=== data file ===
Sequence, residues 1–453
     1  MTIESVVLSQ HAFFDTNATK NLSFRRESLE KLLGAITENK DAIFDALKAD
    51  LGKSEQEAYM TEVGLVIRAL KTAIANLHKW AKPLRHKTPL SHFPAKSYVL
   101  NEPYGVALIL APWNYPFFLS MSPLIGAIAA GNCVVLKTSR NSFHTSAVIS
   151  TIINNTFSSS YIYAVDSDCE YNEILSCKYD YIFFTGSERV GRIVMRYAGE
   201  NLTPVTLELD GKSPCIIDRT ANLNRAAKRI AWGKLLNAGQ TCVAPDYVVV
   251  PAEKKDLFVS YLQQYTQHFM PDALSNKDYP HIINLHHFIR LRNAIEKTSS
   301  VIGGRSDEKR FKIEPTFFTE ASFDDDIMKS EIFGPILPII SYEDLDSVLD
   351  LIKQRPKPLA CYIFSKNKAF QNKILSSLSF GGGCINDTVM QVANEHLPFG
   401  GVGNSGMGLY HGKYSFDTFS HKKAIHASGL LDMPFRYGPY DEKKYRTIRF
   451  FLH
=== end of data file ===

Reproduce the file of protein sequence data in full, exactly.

Sequence, residues 1–453
     1  MTIESVVLSQ HAFFDTNATK NLSFRRESLE KLLGAITENK DAIFDALKAD
    51  LGKSEQEAYM TEVGLVIRAL KTAIANLHKW AKPLRHKTPL SHFPAKSYVL
   101  NEPYGVALIL APWNYPFFLS MSPLIGAIAA GNCVVLKTSR NSFHTSAVIS
   151  TIINNTFSSS YIYAVDSDCE YNEILSCKYD YIFFTGSERV GRIVMRYAGE
   201  NLTPVTLELD GKSPCIIDRT ANLNRAAKRI AWGKLLNAGQ TCVAPDYVVV
   251  PAEKKDLFVS YLQQYTQHFM PDALSNKDYP HIINLHHFIR LRNAIEKTSS
   301  VIGGRSDEKR FKIEPTFFTE ASFDDDIMKS EIFGPILPII SYEDLDSVLD
   351  LIKQRPKPLA CYIFSKNKAF QNKILSSLSF GGGCINDTVM QVANEHLPFG
   401  GVGNSGMGLY HGKYSFDTFS HKKAIHASGL LDMPFRYGPY DEKKYRTIRF
   451  FLH